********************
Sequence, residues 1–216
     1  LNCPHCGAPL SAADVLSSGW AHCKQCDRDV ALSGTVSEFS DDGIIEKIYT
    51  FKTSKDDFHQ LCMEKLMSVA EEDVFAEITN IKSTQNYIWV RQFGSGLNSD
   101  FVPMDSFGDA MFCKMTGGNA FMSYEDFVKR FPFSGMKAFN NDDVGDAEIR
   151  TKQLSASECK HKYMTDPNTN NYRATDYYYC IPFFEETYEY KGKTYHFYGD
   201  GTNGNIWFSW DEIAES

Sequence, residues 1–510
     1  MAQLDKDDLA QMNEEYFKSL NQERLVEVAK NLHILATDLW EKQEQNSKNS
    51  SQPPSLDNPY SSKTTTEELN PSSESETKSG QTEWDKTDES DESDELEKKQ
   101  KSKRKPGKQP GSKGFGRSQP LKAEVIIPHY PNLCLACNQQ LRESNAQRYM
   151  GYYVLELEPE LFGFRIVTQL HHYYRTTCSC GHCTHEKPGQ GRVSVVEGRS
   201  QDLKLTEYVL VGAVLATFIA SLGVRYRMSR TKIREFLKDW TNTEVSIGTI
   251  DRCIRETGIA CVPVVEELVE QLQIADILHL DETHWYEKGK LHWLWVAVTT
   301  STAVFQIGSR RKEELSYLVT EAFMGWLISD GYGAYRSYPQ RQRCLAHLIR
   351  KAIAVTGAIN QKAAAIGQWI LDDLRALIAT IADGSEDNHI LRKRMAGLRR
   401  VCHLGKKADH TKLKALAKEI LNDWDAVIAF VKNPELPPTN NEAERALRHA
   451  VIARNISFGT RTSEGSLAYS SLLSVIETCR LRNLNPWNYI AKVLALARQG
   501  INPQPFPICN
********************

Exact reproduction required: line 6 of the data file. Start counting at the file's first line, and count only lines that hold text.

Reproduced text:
   201  GTNGNIWFSW DEIAES